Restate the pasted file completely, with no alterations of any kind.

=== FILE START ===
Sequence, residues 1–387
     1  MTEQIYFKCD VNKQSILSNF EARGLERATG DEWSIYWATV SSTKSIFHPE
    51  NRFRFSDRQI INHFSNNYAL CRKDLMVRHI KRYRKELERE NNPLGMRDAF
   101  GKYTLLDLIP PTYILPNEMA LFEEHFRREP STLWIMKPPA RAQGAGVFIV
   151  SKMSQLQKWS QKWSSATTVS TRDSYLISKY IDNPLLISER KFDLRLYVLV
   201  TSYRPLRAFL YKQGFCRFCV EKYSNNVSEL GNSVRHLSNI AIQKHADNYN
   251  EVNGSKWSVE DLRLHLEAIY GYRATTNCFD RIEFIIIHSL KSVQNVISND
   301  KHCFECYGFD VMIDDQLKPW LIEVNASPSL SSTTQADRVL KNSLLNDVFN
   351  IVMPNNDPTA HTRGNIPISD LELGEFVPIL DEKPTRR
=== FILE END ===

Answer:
Sequence, residues 1–387
     1  MTEQIYFKCD VNKQSILSNF EARGLERATG DEWSIYWATV SSTKSIFHPE
    51  NRFRFSDRQI INHFSNNYAL CRKDLMVRHI KRYRKELERE NNPLGMRDAF
   101  GKYTLLDLIP PTYILPNEMA LFEEHFRREP STLWIMKPPA RAQGAGVFIV
   151  SKMSQLQKWS QKWSSATTVS TRDSYLISKY IDNPLLISER KFDLRLYVLV
   201  TSYRPLRAFL YKQGFCRFCV EKYSNNVSEL GNSVRHLSNI AIQKHADNYN
   251  EVNGSKWSVE DLRLHLEAIY GYRATTNCFD RIEFIIIHSL KSVQNVISND
   301  KHCFECYGFD VMIDDQLKPW LIEVNASPSL SSTTQADRVL KNSLLNDVFN
   351  IVMPNNDPTA HTRGNIPISD LELGEFVPIL DEKPTRR